Sossusvlei Desert Camp

Namibia ideal for Third-Age Travel
August 31, 2012
Authentically Namibian
August 31, 2012
Namibia ideal for Third-Age Travel
August 31, 2012
Authentically Namibian
August 31, 2012

by Maggi Barnard

Setting a new standard for luxury camping

During the day the Namib is almost always hot, but in November, just after midday, it comes close to boiling point. Or that is what it feels like when driving across an endless desert plain where the shimmering heat waves create beautiful mirages of blue, refreshing water on the horizon.

With each passing kilometre, that inviting oasis stays just out of reach – that is until you reach the Sossusvlei Desert Camp.

Initially it’s not that easy to appreciate the perfect location of this new facility with its spectacular desert view, because once again there is a cool, blue oasis lurking… and you’ve never been as ready to dive right in.

Once you’ve recovered from marvelling at the rejuvenating effects of water, your brain cells have cooled down and your senses are sharp again, you can start appreciating your surroundings and the fascinating stories told by Anita Tschirpig, Acting General Manager of Sossusvlei Lodge.

Scenic surroundings

Only four kilometres from the Sesriem entrance gate to Sossusvlei, the Desert Camp is situated on a 40 000-hectare private game reserve. The 360-degree view from the pool and from each of the 20 luxury safari tents is as good as only the desert can offer.  Across the plains are the Roter Kamm and Naukluft Mountains, with the Tsaris range further in the distance. Within walking distance to the west lies Luiperdkop, which you can explore by hiking trail.

The ‘must-do’ Sossusvlei visit among tourists has led to an ever-growing demand for accommodation close to the entrance gate. As a result, Taleni Africa, the holding company of Sossusvlei Lodge, decided to create this facility for self-catering families.

Trees are hard to find in this part of the world, but at the Desert Camp architect Neil Crawford made sure to partner centuries-old camel-thorn trees with the luxury tents. He was also responsible for the design of the well-known Sossusvlei Lodge.

Self-catering at its best

The 20 luxury tents (of which two are equipped for disabled visitors), ten on each side of the reception area, pool, bar and communal boma with wash-up facilities for larger groups, are not only practical, but also tastefully decorated with the relaxing and soft hues of the desert.

Each tent has double roofing – artfully supported by a collection of gum poles – a spacious en-suite bathroom with the toilet separated from the shower by ‘cowboy’ swing doors, twin beds and granite tiled floors. Keeping its promise of ‘self-catering at its best’, the compact, lock-up kitchen situated on the side of the concrete deck outside is ingenious, to say the least. Fully equipped with a two-plate stove, refrigerator/freezer, wash-up facility and all kitchen utensils, this is five-star camping par excellence.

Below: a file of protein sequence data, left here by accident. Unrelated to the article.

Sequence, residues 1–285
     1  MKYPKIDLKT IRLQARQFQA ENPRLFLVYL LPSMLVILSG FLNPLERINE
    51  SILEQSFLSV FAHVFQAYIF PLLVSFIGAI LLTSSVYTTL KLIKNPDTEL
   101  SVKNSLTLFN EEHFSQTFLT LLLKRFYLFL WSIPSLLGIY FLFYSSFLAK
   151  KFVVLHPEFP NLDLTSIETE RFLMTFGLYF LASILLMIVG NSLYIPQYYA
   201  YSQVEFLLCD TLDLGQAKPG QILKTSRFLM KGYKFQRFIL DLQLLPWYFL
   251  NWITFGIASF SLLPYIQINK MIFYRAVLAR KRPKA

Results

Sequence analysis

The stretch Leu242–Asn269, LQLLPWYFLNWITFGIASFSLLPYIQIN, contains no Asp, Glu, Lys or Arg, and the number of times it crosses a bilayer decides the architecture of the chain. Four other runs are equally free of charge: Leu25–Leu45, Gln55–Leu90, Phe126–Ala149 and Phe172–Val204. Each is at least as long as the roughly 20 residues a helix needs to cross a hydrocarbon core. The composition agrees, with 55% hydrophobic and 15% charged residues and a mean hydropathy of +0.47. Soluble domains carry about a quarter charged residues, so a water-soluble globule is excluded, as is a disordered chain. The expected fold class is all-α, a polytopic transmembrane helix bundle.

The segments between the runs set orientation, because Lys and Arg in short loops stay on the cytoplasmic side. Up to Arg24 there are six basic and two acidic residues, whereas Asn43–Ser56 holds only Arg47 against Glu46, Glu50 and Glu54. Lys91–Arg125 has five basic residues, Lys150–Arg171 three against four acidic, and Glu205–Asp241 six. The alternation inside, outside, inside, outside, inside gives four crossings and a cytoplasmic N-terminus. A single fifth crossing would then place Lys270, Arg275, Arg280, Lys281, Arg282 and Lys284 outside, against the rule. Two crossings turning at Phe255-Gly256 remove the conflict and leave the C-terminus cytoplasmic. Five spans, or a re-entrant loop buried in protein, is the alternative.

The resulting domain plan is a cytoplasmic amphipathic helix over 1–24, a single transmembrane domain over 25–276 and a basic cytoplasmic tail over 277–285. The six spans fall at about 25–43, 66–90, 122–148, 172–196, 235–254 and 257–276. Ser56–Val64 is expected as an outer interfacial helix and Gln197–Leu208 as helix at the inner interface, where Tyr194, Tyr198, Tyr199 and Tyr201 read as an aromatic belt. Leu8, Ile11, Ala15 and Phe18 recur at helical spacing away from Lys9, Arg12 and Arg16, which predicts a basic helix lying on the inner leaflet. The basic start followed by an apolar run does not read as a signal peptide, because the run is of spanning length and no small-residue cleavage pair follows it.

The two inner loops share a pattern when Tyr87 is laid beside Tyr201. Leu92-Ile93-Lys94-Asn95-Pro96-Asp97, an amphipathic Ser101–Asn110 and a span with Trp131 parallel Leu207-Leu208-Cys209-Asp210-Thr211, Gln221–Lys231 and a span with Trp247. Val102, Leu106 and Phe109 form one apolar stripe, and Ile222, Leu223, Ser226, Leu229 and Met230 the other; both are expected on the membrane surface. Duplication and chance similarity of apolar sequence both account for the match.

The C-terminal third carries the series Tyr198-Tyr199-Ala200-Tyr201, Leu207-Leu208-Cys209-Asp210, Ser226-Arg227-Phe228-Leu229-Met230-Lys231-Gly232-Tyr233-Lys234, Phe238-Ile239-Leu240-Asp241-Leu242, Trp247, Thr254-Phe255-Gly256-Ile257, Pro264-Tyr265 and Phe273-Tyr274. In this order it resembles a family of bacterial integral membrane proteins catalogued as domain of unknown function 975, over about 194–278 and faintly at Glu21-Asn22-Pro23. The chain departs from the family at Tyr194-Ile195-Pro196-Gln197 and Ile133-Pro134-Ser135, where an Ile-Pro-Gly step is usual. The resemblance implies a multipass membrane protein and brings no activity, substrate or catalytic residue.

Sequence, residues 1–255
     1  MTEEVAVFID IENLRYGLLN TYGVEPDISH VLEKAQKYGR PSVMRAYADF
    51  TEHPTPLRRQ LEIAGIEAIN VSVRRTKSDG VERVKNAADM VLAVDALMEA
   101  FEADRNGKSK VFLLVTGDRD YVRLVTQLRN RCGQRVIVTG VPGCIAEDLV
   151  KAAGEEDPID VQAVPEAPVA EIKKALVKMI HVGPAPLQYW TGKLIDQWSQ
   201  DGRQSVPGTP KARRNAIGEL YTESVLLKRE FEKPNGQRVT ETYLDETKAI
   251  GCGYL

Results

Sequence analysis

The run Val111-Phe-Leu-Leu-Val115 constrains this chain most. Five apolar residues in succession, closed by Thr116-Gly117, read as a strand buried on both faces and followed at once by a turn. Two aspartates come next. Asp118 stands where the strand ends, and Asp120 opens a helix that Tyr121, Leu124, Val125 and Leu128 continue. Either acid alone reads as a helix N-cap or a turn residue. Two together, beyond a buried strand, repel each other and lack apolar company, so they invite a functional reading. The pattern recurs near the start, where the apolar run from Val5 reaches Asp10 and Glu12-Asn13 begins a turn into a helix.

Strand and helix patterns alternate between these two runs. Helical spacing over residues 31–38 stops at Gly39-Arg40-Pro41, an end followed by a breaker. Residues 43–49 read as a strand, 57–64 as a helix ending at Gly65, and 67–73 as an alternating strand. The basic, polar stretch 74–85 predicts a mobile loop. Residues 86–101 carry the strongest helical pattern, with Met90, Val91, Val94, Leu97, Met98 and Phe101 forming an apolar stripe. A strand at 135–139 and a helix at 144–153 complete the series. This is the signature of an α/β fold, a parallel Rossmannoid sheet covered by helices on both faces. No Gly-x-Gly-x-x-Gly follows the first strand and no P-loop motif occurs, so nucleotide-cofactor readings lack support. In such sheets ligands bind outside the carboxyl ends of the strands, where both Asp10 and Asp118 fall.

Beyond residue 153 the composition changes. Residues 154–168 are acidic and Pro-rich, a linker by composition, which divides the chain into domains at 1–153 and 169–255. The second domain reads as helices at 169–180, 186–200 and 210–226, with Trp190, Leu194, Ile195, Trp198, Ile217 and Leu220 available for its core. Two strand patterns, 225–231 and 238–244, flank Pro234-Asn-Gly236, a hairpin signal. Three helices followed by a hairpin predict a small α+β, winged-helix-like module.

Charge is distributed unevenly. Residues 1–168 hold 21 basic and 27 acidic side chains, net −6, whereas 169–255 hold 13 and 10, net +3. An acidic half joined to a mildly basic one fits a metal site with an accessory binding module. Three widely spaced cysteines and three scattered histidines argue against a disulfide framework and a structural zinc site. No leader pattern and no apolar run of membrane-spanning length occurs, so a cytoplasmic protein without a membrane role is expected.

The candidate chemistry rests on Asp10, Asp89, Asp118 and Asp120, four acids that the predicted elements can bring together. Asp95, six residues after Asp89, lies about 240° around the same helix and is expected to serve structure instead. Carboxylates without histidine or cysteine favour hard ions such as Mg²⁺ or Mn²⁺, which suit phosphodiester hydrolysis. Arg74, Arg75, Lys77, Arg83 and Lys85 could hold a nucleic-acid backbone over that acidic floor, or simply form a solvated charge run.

Naturally, the unit would not be complete without a braai facility, while shaded vehicle parking completes the picture.

Taking five-star camping even a step further is a service offered to overseas tourists. Prospective guests can order a starter pack of food on the Internet by simply clicking on what they would like. “When they arrive, the starter pack is in the fridge!” Fresh bread is also available from the lodge on a daily basis.

Additional services

For those not too keen on the self-catering option, the restaurant at Sossusvlei Lodge is open to Desert Camp visitors, while the lodge will provide meals for large groups that have booked the entire camp.

The lodge offers a selection of activities to the Desert Camp guests. These include trips to Sossusvlei and Dead Vlei, sundowner and nature drives on the 44 000-hectare Taleni Africa private nature reserve, scenic flights, hot-air ballooning, eco-friendly quad-biking and bush dinners.

Thanks to the extraordinarily good rains last year, the Namib is in a state of extreme beauty, a sight that no desert lover can afford to miss. As much as 400 mm of rain fell in the past season, compared to an average annual figure of 40–60 mm.

If the average summer temperature of 40 degrees Celsius sounds too extreme, remember there is always the Desert Camp’s pool. It won’t disappear on you like a mirage, and will keep you going for many kilometres on those shimmering, dusty, desert roads.

This article appeared in the Feb/March ‘07 edition of Travel News Namibia.


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